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Report on Soufriere Hills (United Kingdom) — 4 July-10 July 2001

Smithsonian / US Geological Survey Weekly Volcanic Activity Report, 4 July-10 July 2001
Managing Editor: Gari Mayberry

Please cite this report as:

Global Volcanism Program, 2001. Report on Soufriere Hills (United Kingdom). In: Mayberry, G (ed.), Weekly Volcanic Activity Report, 4 July-10 July 2001. Smithsonian Institution and US Geological Survey.

Volcano Profile |  Weekly Report (4 July-10 July 2001)


Soufriere Hills

United Kingdom

16.72°N, 62.18°W; summit elev. 915 m

All times are local (unless otherwise noted)


During 29 June to 6 July volcanic activity at Soufrière Hills remained similar to the previous week. Lava dome growth appeared to still be concentrated on the S side of the dome above the White River. On 30 June a large number of rockfalls traveled down the N side of the talus apron in the Tar River. On 4 July two small pyroclastic flows traveled down the volcano's W flank in the Amersham area. The Washington VAAC reported that on 4 July an ash cloud rose ~3 km a.s.l. and drifted to the WNW. Also, on 10 July numerous rockfalls produced W-drifting ash plumes that did not exceed ~3 km a.s.l. in height.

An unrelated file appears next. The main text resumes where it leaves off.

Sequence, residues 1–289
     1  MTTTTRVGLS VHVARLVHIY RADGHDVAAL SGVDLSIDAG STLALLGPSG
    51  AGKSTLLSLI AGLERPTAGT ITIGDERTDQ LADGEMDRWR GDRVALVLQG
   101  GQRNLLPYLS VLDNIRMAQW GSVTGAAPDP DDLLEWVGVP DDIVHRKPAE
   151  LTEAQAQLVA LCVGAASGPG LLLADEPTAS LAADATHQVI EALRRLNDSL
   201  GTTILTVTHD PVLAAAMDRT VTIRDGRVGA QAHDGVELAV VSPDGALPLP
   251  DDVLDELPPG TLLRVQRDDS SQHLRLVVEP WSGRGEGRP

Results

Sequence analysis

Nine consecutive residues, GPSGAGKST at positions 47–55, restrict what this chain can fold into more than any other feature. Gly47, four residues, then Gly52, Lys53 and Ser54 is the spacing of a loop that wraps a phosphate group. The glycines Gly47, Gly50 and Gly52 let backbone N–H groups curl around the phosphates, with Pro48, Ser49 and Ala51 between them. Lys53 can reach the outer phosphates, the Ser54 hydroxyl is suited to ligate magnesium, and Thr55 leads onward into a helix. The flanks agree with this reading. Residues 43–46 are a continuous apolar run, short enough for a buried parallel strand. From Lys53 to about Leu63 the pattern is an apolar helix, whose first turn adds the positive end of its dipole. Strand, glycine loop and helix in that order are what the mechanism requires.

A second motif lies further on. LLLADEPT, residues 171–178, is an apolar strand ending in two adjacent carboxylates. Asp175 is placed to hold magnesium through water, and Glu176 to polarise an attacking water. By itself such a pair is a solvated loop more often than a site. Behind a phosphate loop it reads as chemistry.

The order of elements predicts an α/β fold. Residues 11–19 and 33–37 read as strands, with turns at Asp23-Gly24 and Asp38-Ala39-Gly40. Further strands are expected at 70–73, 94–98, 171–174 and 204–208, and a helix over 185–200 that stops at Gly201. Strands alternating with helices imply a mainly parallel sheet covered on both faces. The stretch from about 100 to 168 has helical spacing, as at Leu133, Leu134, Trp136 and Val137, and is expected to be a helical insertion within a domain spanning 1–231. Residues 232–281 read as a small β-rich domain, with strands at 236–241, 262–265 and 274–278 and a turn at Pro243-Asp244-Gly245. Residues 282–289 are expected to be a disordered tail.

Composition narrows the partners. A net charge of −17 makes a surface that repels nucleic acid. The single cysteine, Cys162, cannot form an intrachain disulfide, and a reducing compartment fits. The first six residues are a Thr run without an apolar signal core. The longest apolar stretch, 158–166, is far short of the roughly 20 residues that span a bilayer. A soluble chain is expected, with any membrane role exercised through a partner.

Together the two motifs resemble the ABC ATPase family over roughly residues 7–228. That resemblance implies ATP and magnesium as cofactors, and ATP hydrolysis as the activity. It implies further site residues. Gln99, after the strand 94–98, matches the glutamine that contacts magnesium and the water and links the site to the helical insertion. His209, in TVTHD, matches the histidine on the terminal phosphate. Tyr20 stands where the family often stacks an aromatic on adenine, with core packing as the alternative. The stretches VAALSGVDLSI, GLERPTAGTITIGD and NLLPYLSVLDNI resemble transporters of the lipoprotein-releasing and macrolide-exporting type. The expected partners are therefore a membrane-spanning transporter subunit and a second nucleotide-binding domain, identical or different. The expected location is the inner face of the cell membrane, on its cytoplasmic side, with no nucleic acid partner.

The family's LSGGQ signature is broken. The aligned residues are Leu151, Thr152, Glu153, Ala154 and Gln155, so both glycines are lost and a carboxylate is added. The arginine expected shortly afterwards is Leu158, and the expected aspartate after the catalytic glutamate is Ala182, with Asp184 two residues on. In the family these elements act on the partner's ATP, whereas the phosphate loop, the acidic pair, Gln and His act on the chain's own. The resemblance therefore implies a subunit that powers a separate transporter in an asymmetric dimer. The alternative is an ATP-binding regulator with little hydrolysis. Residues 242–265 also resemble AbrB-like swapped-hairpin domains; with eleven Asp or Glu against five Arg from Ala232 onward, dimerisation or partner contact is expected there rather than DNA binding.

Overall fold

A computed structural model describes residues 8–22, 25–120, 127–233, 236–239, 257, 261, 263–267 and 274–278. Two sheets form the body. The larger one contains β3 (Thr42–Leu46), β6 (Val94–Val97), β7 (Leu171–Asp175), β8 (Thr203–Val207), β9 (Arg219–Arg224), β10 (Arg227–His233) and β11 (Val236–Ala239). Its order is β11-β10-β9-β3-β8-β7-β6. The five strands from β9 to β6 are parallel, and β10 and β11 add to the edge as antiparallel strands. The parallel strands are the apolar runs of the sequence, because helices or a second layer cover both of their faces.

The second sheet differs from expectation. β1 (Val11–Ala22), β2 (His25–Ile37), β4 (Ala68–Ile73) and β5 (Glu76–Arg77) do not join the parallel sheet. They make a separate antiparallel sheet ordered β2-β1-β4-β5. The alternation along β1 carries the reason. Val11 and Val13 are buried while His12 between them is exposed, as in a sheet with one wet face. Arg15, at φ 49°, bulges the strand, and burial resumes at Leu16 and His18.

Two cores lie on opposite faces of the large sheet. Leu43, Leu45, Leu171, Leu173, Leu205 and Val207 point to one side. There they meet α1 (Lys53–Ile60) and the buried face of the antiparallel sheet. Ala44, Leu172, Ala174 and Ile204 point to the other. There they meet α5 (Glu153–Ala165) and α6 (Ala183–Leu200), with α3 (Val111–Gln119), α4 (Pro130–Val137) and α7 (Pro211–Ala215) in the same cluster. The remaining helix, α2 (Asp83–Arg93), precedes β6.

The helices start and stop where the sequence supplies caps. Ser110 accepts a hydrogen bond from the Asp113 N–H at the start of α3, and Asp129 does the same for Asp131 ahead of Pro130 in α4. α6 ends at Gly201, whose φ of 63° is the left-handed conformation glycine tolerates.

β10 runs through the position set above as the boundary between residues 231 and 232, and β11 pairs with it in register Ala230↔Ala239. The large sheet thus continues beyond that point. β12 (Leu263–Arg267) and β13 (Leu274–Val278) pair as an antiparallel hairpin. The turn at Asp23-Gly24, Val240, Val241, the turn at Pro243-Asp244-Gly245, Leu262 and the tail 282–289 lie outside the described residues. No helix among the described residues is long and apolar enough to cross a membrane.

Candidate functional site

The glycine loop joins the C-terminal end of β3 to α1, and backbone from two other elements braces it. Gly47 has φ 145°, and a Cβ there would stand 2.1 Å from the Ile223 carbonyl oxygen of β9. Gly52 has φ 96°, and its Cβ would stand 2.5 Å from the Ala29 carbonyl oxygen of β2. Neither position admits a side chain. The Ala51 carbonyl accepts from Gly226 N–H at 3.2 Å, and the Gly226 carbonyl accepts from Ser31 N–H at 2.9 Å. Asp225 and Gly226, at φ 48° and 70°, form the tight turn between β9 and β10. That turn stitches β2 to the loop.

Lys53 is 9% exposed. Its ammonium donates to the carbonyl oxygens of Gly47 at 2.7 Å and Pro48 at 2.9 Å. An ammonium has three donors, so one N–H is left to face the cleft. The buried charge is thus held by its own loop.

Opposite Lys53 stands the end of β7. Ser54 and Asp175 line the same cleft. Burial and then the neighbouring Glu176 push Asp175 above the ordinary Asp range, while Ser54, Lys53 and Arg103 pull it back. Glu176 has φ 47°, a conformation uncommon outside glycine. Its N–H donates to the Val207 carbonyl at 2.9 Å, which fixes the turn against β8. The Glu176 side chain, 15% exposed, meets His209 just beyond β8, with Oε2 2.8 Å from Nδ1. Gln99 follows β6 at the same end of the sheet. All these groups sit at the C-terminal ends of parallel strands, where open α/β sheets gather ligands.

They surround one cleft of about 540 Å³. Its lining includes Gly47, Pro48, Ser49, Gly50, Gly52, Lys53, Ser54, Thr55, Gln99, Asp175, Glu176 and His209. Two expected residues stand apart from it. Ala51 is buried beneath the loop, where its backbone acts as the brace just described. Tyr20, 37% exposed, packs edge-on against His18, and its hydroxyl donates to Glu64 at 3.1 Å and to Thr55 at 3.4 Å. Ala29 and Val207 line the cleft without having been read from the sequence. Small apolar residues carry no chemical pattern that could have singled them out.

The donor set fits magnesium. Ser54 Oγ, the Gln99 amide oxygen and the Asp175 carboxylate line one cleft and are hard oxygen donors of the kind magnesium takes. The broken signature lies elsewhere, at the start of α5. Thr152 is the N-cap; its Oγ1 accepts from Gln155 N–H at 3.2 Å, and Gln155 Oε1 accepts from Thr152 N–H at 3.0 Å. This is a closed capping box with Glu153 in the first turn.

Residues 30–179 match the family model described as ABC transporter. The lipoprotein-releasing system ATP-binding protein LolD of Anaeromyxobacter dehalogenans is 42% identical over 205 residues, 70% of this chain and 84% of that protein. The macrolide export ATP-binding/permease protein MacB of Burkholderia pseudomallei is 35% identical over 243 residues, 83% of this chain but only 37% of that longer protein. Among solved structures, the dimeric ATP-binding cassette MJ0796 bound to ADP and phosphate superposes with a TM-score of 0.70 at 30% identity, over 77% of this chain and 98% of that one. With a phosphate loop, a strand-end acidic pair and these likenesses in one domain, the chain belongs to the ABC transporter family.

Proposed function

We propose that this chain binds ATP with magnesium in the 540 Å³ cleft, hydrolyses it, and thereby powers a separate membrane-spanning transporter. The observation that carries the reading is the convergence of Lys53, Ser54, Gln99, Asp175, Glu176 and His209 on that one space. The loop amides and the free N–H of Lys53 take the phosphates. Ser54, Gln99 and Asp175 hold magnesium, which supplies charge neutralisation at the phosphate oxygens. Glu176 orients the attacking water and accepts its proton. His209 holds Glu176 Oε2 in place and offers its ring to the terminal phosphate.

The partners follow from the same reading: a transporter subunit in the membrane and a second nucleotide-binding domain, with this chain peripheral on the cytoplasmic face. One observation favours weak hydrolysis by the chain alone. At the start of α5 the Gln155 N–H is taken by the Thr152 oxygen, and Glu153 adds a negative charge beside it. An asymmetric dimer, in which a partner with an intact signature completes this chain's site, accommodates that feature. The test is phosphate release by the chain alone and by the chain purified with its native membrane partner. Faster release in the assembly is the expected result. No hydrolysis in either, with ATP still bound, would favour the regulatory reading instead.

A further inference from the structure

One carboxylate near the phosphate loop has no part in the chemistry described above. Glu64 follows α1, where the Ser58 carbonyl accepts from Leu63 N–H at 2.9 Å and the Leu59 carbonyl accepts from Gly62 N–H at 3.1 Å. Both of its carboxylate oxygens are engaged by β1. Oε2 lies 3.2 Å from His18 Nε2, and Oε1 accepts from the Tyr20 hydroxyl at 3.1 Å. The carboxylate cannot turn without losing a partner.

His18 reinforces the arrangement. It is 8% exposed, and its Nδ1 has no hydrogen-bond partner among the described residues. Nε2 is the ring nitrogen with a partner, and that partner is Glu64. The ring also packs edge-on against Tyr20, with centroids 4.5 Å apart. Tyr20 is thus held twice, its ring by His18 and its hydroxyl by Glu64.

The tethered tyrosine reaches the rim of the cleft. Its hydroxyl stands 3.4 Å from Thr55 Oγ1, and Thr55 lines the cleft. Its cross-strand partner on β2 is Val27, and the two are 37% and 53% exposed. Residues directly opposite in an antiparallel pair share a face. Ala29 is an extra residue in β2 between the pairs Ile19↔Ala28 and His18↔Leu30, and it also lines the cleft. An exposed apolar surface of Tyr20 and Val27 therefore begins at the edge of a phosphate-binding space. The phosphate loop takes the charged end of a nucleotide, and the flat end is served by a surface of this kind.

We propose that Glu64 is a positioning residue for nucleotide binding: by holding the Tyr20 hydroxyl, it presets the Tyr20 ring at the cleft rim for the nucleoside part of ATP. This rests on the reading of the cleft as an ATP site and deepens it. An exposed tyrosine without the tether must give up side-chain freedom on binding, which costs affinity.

Geologic Background. The complex, dominantly andesitic Soufrière Hills volcano occupies the southern half of the island of Montserrat. The summit area consists primarily of a series of lava domes emplaced along an ESE-trending zone. The volcano is flanked by Pleistocene complexes to the north and south. English's Crater, a 1-km-wide crater breached widely to the east by edifice collapse, was formed about 2000 years ago as a result of the youngest of several collapse events producing submarine debris-avalanche deposits. Block-and-ash flow and surge deposits associated with dome growth predominate in flank deposits, including those from an eruption that likely preceded the 1632 CE settlement of the island, allowing cultivation on recently devegetated land to near the summit. Non-eruptive seismic swarms occurred at 30-year intervals in the 20th century, but no historical eruptions were recorded until 1995. Long-term small-to-moderate ash eruptions beginning in that year were later accompanied by lava-dome growth and pyroclastic flows that forced evacuation of the southern half of the island and ultimately destroyed the capital city of Plymouth, causing major social and economic disruption.

Sources: Montserrat Volcano Observatory (MVO), Washington Volcanic Ash Advisory Center (VAAC)